Clement-Jones family v2/21 - Person Sheet
Clement-Jones family v2/21 - Person Sheet
NameKok Cheang YEO , 872
FatherYEO , 5519
FatherSir Robert HO TUNG , 843 (1862-1956)
MotherLady Clara Lin-Kok CHEUNG , 846 (1875-1938)
ChildrenDick , 3853
 Daphne , 3854
 Wendy , 3855
Notes for Kok Cheang YEO

Excerpts from 'Glimpses of K.C.'s Life' which was read by Dick Yeo at the Memorial Service held in Mountfield Church on 18th June 2004.

My father was a great and wonderful man. During his long and fruitful life, with the dedicated support of my mother, he achieved a great deal.

Background and personal information
Born on 1st April, 1903 in Penang, Malaysia, he was the eldest son of a family of nine. His own father worked in a rubber plantation and so he had a poor but happy upbringing. He told us stories of how he once borrowed his father's bicycle which was much too large for him and he fell into a waterway. As he lay in the mud, a large crocodile crept towards him. This taught him a lesson not to use other people's property without permission! He himself used to listen to wonderful stories from his great grandfather whilst he (the great grandfather) was smoking the opium pipe!
As a young man and while he was studying in England, my father became an excellent gymnast and weight-lifter. For several years he held the world record in sit-ups for his body weight.

Telegraph Obituary 2004

K C Yeo, who has died aged 101, gave up a chance to escape from Hong Kong in order to keep the colony's medical services running after the Japanese invasion in 1941.

He and his wife were planning to join relations in China when Sir Selwyn Selwyn-Clarke, the director of medical services, implored him to stay. Selwyn-Clarke said that he was going to be imprisoned soon, leaving Yeo the only man capable of running the colony's health and hygiene, a field in which the Japanese had no expertise and little interest.

After Selwyn-Clarke's arrest on a charge of being the head of British espionage, two members of the Kempitei, the Japanese secret service, barged into Yeo's bedroom with a large Alsatian; they demanded that he come with them to "identify a body". He was taken to a police station for questioning and thrown into a bare windowless cell, 8ft by 5ft. For more than two months Yeo was held in solitary confinement. He was then moved to a cell next to the Reverend George Shea, an Anglican chaplain with whom he started to pray and sing hymns. Eventually he was released to work at the Bacteriological Institute, although shadowed wherever he went. With his family he was baptised as a member of the Church of England.

Kok Cheang Yeo was born at Penang, Malaysia, on April 1 1903, the eldest of a Chinese rubber plantation worker's nine children. One of his childhood memories was of borrowing his father's bicycle, which was so large that he fell off into a waterway where a crocodile crept towards him as he lay in the mud. The experience taught him the importance of not borrowing people's property without permission.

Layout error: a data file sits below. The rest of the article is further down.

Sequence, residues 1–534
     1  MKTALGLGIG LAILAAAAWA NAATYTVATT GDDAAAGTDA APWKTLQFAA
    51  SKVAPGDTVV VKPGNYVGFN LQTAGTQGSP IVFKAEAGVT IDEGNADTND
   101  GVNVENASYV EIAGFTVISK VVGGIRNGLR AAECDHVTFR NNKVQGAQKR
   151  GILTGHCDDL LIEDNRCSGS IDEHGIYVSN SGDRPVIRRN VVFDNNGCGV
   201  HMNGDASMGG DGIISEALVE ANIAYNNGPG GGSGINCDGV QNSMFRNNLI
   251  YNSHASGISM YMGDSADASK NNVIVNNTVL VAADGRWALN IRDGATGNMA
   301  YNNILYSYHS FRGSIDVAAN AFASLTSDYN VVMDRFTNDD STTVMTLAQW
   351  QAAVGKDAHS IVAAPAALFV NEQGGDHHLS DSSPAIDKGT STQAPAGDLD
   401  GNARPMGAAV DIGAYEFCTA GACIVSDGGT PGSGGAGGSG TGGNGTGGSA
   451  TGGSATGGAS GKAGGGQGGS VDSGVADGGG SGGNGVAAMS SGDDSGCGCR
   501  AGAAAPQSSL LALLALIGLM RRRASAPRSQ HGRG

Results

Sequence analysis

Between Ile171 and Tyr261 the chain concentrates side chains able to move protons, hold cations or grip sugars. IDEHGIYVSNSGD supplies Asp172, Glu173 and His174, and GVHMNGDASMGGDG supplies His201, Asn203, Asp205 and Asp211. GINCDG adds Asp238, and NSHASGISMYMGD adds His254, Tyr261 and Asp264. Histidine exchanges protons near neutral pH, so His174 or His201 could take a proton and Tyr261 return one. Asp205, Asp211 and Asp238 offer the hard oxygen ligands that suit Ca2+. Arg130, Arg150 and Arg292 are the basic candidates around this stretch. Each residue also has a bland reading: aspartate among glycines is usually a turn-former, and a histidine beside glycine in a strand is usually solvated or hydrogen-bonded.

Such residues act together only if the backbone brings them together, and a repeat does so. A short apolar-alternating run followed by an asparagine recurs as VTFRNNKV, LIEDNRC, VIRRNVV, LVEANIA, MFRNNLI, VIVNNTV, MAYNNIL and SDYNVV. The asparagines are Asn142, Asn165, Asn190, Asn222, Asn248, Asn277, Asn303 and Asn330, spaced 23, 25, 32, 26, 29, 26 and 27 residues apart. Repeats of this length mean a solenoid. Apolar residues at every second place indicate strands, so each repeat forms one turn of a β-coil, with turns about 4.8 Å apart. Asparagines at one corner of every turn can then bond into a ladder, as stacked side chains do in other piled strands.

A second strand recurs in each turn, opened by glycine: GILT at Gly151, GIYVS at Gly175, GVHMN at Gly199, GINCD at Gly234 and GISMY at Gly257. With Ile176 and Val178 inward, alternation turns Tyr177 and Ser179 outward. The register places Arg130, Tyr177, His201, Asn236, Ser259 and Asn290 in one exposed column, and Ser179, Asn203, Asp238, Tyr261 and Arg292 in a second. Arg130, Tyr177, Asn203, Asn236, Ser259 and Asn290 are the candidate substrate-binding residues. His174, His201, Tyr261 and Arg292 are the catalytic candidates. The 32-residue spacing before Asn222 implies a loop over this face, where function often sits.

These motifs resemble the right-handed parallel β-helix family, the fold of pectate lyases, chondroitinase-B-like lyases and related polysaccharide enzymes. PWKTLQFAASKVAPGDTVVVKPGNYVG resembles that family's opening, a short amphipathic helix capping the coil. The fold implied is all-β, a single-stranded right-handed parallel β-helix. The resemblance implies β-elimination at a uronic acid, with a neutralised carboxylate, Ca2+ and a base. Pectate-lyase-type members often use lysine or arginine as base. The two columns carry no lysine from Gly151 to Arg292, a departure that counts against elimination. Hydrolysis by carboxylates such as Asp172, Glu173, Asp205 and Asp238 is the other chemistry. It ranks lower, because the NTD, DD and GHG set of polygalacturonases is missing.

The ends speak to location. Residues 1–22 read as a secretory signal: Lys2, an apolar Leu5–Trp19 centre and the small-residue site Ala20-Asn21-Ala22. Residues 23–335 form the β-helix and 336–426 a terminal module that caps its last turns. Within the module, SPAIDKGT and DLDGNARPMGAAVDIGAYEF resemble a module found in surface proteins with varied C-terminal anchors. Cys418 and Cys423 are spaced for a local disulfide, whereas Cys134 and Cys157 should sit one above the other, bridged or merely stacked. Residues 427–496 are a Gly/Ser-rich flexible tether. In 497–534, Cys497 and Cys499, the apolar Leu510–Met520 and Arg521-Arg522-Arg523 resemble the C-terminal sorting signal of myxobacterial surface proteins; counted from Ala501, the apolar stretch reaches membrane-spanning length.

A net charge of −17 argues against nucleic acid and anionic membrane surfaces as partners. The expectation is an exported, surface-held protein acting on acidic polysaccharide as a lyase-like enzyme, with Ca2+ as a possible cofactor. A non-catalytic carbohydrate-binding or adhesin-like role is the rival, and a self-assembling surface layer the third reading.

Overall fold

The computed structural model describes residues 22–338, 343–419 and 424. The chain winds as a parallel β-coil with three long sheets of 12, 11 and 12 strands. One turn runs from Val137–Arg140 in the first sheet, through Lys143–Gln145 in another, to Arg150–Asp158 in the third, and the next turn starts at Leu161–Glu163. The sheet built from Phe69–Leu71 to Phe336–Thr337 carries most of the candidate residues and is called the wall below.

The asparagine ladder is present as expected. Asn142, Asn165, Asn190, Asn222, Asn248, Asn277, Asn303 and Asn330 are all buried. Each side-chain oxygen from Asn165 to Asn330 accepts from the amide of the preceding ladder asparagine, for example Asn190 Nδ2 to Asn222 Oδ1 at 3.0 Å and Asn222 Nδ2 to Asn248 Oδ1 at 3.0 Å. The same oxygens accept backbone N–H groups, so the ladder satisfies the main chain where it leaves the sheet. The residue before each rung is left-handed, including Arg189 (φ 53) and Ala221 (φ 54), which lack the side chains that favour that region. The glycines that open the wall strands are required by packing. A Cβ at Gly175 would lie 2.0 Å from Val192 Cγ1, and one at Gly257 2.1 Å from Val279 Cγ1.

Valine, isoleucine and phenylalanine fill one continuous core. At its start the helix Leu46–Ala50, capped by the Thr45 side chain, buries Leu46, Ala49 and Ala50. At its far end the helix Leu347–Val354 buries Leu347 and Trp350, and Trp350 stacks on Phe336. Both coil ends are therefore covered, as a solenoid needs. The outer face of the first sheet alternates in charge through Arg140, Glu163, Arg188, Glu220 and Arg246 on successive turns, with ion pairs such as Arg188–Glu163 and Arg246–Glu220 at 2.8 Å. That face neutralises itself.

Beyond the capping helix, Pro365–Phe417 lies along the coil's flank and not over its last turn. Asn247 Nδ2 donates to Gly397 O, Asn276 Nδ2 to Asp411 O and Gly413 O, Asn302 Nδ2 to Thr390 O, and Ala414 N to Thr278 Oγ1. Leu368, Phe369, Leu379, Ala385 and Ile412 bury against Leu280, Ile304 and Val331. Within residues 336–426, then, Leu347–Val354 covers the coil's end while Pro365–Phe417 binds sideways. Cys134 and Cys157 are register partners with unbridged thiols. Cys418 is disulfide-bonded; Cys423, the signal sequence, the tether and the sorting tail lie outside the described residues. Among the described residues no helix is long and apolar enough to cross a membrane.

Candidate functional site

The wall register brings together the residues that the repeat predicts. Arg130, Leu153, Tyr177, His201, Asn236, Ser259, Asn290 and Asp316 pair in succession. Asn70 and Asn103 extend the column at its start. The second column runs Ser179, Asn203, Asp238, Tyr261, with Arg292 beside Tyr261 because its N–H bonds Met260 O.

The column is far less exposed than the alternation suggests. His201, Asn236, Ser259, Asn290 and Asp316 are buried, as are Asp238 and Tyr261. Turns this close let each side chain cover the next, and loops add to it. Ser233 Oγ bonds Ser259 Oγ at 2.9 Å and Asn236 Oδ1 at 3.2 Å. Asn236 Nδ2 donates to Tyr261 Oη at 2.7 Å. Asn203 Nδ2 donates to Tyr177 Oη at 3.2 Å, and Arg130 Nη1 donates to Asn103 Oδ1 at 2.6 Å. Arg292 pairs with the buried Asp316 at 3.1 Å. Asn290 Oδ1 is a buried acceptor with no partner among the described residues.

Young Kok Cheang was an excellent gymnast and weight-lifter; for some years, he claimed, he held the world record for sit-ups for his body weight. Following school in Penang he did his medical studies at Hong Kong University, then came to Britain to study tropical medicine in Liverpool and public health at Cambridge.

After qualifying with honours in both subjects, Yeo applied to the Colonial Office to become an assistant medical officer of health in Hong Kong. On his arrival in the colony, the local government discovered he had been given the contract of an Englishman, which included nine months' leave in England with full pay and first-class travel every four years, rather than the fortnight's holiday a year for local staff. But when the Colonial Office realised their mistake, they insisted on sticking to their word, thereby turning Yeo into a staunch Anglophile.

After the war, Yeo was promoted to deputy director of health services, when he helped to plan the 1,000-bed Queen Elizabeth Hospital at Kowloon, then was the first Chinese to become director of medical and health services. It was under his directorship that the BCG vaccination against TB was introduced; malaria was stamped out. He also helped to found a leper colony on Hayling Chao Island.

In addition he was appointed Professor of Social Medicine at Hong Kong University, and became a member of the Legislative Council. In 1956, Yeo was delighted to be appointed CMG before retiring to Britain in 1958. For the next 10 years, he practised as a psychiatrist at St Ebba's Hospital at Epsom in Surrey before settling in Sussex.

K C Yeo married, in 1933, Florence, the daughter of the comprador Sir Robert Ho-tung. She survives him with their son and two daughters.
Last Modified 27 Jul 2011Created 11 Feb 2021 using Reunion for Macintosh